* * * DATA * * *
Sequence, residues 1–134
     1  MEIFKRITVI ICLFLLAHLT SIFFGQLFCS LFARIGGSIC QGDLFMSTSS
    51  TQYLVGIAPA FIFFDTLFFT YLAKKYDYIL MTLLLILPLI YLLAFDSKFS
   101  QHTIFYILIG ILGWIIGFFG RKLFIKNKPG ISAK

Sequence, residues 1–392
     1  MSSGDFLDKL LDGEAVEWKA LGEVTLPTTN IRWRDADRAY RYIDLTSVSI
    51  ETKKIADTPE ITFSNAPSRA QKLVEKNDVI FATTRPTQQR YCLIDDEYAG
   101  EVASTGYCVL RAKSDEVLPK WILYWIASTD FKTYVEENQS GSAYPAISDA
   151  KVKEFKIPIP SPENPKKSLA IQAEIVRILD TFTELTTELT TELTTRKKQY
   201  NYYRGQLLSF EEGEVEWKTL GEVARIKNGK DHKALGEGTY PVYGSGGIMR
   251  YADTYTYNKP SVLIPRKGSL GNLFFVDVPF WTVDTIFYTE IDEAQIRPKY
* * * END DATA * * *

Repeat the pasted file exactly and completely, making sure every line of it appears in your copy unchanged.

Sequence, residues 1–134
     1  MEIFKRITVI ICLFLLAHLT SIFFGQLFCS LFARIGGSIC QGDLFMSTSS
    51  TQYLVGIAPA FIFFDTLFFT YLAKKYDYIL MTLLLILPLI YLLAFDSKFS
   101  QHTIFYILIG ILGWIIGFFG RKLFIKNKPG ISAK

Sequence, residues 1–392
     1  MSSGDFLDKL LDGEAVEWKA LGEVTLPTTN IRWRDADRAY RYIDLTSVSI
    51  ETKKIADTPE ITFSNAPSRA QKLVEKNDVI FATTRPTQQR YCLIDDEYAG
   101  EVASTGYCVL RAKSDEVLPK WILYWIASTD FKTYVEENQS GSAYPAISDA
   151  KVKEFKIPIP SPENPKKSLA IQAEIVRILD TFTELTTELT TELTTRKKQY
   201  NYYRGQLLSF EEGEVEWKTL GEVARIKNGK DHKALGEGTY PVYGSGGIMR
   251  YADTYTYNKP SVLIPRKGSL GNLFFVDVPF WTVDTIFYTE IDEAQIRPKY